Thirty years ago, I arrived at The New York Times as an intern. I never planned to be a “company man.” I had no real plan. This is just the way things worked out.
Young people often ask me for career advice. Well, here it is.
Try to be the best at what you do. The money will take care of itself.
During a career conference at my college, I remember a journalist describing what I thought was an appallingly lower than average starting salary for newspaper journalists. Hyperventilating, I excused myself, ran to the bathroom and threw up. I had been poor my whole life, and I remember thinking, "I can't go to college and still be poor!"
But I pulled myself together and came to this resolution: I would simply strive to be the best at what I was doing, and I would let the money take care of itself. Journalism is mission work. You don’t enter this profession with the same ambitions as an investment banker.
In business, persistence pays off.
I got my internship at the Times by not taking no for an answer. When I arrived at the Times’ booth at an Atlanta job fair in the early ’90s, the recruiters told me I wouldn’t be able to interview because applicants had to sign up in advance, and their dance card was full.
I said that I understood, but that I was going to wait there until someone didn’t show up for the interview. I sat for about six hours, so long that they seemed to forget I was there. I listened in as other applicants sat for interviews, and as the recruiters discussed each candidate when they left. It was the absolute best opposition research. When one of the recruiters finally relented and offered to interview me, I knew the perfect way to answer every question.
Others may have more advantages than you, but no one has more hours in the day than you. No one can outwork you unless you let it happen.
My first newspaper internship was at the Shreveport Times in Louisiana. There, I decided that my boss would never see me come or go. I would always arrive before him and leave after him, even if I had to organize office supplies into the evening.
When I got my first full-time job at The Detroit News, I decided that it wasn’t enough to learn to do my job, I needed to learn every job connected to mine. There were researchers in the graphics department. I made them an offer: I would get their lunches and run their errands if they would let me watch them work. They never asked me to do the menial tasks, but they did let me watch them work with sources and even pitch in. I was working two shifts every day — one for free and one for pay — but the experience I gained was invaluable.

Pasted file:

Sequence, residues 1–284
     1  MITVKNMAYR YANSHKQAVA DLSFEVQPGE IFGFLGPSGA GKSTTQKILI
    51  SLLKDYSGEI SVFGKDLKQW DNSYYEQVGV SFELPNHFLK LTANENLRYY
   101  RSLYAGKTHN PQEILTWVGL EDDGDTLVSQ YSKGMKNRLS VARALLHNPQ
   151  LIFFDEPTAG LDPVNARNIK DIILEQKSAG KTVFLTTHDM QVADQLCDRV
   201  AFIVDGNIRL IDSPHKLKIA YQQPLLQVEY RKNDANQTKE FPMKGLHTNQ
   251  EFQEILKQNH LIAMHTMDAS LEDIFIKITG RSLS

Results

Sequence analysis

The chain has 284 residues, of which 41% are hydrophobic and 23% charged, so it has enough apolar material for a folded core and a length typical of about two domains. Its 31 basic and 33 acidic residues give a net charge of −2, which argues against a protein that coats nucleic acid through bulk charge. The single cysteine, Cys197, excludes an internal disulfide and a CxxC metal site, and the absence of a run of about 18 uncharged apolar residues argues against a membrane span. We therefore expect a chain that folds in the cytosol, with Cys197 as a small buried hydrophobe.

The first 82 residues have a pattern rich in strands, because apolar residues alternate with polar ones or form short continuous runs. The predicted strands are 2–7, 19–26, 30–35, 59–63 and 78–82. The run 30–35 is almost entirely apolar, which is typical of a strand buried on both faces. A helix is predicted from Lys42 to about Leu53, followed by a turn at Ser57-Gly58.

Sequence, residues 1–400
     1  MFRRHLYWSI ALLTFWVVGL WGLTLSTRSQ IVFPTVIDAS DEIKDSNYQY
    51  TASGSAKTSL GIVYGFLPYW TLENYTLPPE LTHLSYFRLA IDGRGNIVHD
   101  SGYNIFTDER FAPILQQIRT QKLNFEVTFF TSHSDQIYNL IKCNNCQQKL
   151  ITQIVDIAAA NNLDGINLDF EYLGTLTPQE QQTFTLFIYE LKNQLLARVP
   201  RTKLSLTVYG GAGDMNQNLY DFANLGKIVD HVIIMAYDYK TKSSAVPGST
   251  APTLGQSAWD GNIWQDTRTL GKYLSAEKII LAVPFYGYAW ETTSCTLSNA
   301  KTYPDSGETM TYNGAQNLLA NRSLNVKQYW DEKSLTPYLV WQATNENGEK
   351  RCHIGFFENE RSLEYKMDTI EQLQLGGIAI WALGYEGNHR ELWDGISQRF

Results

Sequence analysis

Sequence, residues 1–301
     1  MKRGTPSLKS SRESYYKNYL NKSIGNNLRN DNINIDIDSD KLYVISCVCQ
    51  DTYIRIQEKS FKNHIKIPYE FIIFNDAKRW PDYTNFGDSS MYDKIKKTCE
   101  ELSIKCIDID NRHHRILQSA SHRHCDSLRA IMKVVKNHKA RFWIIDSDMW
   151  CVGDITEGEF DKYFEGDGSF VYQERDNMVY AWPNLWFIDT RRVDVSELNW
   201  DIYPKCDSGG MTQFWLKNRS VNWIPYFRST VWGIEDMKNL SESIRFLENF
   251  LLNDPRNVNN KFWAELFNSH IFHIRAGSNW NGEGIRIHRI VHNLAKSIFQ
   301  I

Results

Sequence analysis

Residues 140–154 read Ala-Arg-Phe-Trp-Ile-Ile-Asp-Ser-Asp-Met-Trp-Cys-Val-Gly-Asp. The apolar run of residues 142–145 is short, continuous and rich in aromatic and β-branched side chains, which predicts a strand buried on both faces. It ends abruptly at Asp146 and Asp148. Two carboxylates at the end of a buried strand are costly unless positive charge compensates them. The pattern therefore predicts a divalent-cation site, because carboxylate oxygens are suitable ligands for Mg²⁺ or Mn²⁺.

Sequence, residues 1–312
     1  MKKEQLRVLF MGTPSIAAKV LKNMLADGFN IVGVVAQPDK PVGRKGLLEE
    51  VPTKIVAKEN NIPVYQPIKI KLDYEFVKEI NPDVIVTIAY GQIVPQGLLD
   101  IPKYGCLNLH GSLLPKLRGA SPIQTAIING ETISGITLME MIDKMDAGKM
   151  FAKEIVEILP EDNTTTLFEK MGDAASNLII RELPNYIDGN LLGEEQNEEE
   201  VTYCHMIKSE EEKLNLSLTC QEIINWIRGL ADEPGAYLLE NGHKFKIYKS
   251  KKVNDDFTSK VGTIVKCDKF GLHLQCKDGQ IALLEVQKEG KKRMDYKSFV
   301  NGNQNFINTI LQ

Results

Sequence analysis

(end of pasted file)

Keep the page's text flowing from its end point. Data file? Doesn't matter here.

Find your workplace tribe.
The Times I arrived at 30 years ago is a far cry from the Times of today. I once heard it described as “a knife fight among valedictorians,” with managers who were mean and who seemed to have been rewarded for being so.
That kind of hostile work environment would never be tolerated at the Times today, but if you ever find yourself in such a situation, remember, you’re probably not alone. Anywhere you go, you have to find your workplace tribe — the other earnest, good-natured employees who can be your sounding board and source of support.
Everyone you work with or for is a reference.
It is estimated that up to 80% of job listings are never posted. Often, someone looking to hire simply asks trusted people if they know of a good candidate. When those opportunities arise, you want your name to be at the top of their mind — as someone smart, collegial and hard working. This is why you must give your all in every job you have, no matter how small, no matter if it has nothing to do with your ultimate career and ambitions. And you must treat everyone around you with respect. Because anyone who knows you could give you a reference, without you being the wiser.
No one cares about your disadvantages. Overcome them.
I didn’t go to an elite boarding school or an Ivy League college, but many of the people I would eventually work with did, and many of the people I would compete with did. I resolved early on that I would have to compensate, as much as I could, for any deficiencies in my educational pedigree. I read the classics that had never been assigned to me and as many new books as possible. I watched documentaries nonstop as well as the news. I visited museums and took classes if time permitted. I told myself that no one would ever make a reference to “The Merchant of Venice” again without me understanding it.
Managers must be managed.
The verb here may not be the most precise, but this formulation is easiest for me to remember.
It is not enough to know the goals and expectations your manager has set for you. You must know the goals and expectations they have set for themselves, your department and the company. You should try to understand what the company expects of them, because only when you see this bigger picture can you fully appreciate how you fit into it.
Charles M. Blow (Twitter: @CharlesMBlow) is a columnist for The New York Times, where a longer version of this piece originally appeared.